Fight Like A Girl is a boxing documentary that delves into the misunderstood world of female fighters. Powered by boxer and filmmaker, Jill Morley, this feature is full of ambition and insight. The national discussion on boxing usually focuses on Floyd Mayweather or other top-notch male fighters. Rarely do women receive mentions when it comes to this vicious, assaultive sport. Props to Morley on entering a world the public knows little about.
For Morley specifically, she reveals her difficult journey. Her family members question why she boxes, and her brother directly discusses her potential depression and lack of identity growing up. Other fighters featured in Fight Like A Girl also had childhoods with their share of tribulations. This appears to be a common result for countless boxers. It’s not a sport one necessarily practices by accident. A prospective boxer might randomly start fighting, but staying in this violent game requires dedication. And the roots of that dedication are sometimes a mean streak that emerged earlier in life.
After putting out the roots of Fight Like A Girl, Morley steps back and focuses on other fighters. These include Kimberly Tomes, Susan Merlucci, and Maureen Shea. Their stories are interwoven through Morley’s during the documentary. Tomes openly describes the prejudices she’s faced as both a woman and a woman of Asian descent. An assault from another man is part of what prompted her to start boxing. Like Tomes, Merlucci and Shea also experienced doubt when people realized they were fighters.
Jill isn’t afraid to be honest to a raw degree in Fight Like A Girl. Her past included a bout with stripping, and a knack for authoring plays. It sounds unusual to have a playwright/boxer, but that’s the type of dynamic personality Morley offers. Morley’s ambitious personality is all the more notable considering the abuse she suffered at the hands of her mother. Her brother says such abuse was common in that time period, but states it should have no place in society today. Morley’s father admits to seeing his wife hit Morley rather viciously on one occasion.
This background leads to a post-traumatic stress disorder diagnosis. Morley disagreed with the psychological finding when she found out. Within here lives a theme of Fight Like A Girl, however. These girls don’t merely fight inside the ring, they also engage in legendary bouts on the outside. Kimberly has dealt with racism. Morley has been subjected to familial abuse, while Shea suffered because of a highly abusive boyfriend. It’s no coincidence that these women refuse to quit, refuse to stop fighting. This is especially hard for Morley when she feels improvements aren’t coming soon enough.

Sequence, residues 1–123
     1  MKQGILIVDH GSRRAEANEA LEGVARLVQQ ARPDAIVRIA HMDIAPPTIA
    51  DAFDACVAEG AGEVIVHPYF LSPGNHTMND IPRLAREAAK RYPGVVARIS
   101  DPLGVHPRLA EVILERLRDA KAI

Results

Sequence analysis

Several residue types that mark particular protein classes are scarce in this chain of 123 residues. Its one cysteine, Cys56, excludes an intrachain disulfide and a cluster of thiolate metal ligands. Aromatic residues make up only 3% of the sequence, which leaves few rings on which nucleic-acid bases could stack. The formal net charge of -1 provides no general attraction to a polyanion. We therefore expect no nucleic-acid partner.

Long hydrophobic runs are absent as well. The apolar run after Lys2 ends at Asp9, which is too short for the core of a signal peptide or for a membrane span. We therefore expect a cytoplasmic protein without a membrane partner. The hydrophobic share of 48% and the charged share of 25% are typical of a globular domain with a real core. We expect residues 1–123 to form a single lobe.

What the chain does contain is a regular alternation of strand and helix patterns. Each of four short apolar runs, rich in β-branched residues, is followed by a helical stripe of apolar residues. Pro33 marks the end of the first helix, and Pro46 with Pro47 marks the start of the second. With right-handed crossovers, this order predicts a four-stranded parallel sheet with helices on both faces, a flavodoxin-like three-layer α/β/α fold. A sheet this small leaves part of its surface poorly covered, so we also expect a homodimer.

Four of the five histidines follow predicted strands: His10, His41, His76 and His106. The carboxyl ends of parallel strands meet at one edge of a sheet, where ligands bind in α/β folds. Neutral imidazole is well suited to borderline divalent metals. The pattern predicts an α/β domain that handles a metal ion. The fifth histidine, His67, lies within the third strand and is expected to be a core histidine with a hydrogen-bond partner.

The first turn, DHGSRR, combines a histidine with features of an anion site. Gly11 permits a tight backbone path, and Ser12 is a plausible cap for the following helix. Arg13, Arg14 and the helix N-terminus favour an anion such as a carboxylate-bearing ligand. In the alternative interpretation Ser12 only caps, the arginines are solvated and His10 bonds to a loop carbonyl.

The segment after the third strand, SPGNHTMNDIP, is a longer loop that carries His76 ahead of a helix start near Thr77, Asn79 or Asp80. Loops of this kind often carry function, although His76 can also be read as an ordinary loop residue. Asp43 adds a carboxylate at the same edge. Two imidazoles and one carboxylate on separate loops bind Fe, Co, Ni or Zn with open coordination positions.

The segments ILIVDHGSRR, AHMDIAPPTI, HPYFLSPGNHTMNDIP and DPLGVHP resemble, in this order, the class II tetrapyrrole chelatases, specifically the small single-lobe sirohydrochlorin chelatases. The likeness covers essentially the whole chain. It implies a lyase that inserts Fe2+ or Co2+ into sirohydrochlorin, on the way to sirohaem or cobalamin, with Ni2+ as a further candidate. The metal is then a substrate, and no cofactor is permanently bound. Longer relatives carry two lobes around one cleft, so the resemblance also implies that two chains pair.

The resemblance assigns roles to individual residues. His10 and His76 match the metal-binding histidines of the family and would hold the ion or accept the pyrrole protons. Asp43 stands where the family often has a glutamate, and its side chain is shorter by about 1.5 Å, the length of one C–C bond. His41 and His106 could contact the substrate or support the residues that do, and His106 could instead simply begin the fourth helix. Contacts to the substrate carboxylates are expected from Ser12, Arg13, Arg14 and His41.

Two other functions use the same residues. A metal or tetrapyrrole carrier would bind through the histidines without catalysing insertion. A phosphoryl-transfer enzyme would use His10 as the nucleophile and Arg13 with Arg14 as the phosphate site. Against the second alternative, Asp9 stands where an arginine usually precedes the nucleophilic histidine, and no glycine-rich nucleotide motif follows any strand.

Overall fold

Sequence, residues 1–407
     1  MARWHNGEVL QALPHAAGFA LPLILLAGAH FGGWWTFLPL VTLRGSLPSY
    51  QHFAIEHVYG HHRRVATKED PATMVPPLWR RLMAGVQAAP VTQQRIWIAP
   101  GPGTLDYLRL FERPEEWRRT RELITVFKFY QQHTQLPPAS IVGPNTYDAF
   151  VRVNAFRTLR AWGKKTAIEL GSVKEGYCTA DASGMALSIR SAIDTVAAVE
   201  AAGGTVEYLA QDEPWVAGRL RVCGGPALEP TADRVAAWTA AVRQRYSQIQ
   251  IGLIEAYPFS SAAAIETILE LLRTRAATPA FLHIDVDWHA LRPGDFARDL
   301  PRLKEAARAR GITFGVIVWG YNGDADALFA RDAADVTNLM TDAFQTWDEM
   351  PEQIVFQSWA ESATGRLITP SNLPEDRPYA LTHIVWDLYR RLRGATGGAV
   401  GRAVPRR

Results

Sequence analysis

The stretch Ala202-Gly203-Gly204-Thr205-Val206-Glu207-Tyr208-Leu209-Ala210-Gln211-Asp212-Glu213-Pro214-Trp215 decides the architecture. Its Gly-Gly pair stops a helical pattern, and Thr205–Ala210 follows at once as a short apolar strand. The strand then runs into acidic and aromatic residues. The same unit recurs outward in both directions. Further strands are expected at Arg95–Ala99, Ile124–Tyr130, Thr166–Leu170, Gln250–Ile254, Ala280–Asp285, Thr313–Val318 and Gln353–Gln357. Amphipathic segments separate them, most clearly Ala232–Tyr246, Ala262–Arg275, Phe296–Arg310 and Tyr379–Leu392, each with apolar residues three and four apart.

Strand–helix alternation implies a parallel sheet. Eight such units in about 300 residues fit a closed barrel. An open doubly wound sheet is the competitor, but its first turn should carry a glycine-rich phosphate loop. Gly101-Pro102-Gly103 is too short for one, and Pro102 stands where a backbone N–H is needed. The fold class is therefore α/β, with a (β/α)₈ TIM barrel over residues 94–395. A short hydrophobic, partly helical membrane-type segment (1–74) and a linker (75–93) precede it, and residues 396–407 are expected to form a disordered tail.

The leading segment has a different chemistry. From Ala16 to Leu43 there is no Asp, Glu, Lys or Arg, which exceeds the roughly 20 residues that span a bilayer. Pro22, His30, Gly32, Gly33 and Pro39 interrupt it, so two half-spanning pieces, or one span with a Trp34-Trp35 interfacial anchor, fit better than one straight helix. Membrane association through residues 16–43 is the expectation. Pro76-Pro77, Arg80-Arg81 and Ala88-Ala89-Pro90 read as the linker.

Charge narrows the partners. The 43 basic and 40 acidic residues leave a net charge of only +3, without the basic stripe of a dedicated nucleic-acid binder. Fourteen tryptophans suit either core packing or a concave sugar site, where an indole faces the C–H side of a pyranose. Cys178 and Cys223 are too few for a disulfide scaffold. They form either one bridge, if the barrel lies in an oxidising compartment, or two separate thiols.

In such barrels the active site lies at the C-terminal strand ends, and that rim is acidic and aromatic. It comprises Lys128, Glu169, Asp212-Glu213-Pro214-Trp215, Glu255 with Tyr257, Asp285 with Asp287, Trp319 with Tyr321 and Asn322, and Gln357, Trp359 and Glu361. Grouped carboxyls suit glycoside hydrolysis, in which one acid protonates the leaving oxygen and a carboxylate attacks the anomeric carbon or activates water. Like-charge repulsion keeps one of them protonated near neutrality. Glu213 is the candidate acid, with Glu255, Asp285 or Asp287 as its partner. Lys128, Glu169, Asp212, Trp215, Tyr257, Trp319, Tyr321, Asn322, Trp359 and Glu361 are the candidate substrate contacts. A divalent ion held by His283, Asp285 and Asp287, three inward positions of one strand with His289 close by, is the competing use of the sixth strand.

All of the boxers in Fight Like A Girl express a desire to expand the popularity of female boxing. As Morley states in the documentary, even professionals such as Shea experience difficulty financially surviving as a full-time fighter. This is indicative of the have and have not nature of the sport. For every Mayweather, there are countless male fighters struggling to get by. This is amplified for women in the ring since they receive even less pay than their male counterparts. ESPN and other outlets love to cover the worldly famous fighters, they rarely expose boxing’s underbelly.
Merlucci continues this narrative. With no life savings or assets, surviving is a daily struggle on top of having a daily training regimen. Even the Golden Gloves, a competition discussed throughout Fight Like A Girl, offers no monetary reward for the winner. That truth alone summarizes the primary issue of female boxers. If these individuals are willing to pour their beings into a sport, that sport should present a greater return.
Melissa Hernandez is another important figure in Fight Like A Girl. A former world champion, she’s one of the rare female fighters with something of a following. Hernandez also makes her name training fighters, Kimberly included. Kimberly praises Hernandez for her effective coaching style. Behind the camera, Morley digs deeper with each individual. For Hernandez, Morley is able to find out that even though the former champion has notoriety, she doesn’t even have a car.
One of the more profound scenes in this documentary is when Morley meets with a therapist. Victoria Britt, the individual assisting Morley, examines the role of the nervous system in our lives. According to her, since our minds have a sense of time but our bodies do not, we may physically be past traumatic events from earlier in life, but we aren’t psychologically. Morley was helpless in childhood when she was beaten. Britt also states that victims of child abuse often freeze during the trauma, unable to truly rebel or properly process the events. For Morley, past abuse remains a huge part of her current journey.
The audience learns to praise Morley, however, for her strength and courage. A similar sentiment applies to every figure in Fight Like A Girl. Kimberly continues to improve under Hernandez’s guidance. Morley and Shea advance in their careers both inside and outside the ring, including a world title for Shea. Merlucci, in one of my favorite moments in the movie, wins a pair of Golden Gloves. Hard work does apparently pay off.
Because of Fight Like A Girl, these women have been given a voice. It’s a voice rarely heard in the male-dominated sports world. And the audience is fortunate to hear these necessary insights, these powerful words and stories in a world crippled by inequality and misunderstanding. Major praise should be given to Morley for creating a documentary that isn’t just great, it’s groundbreaking.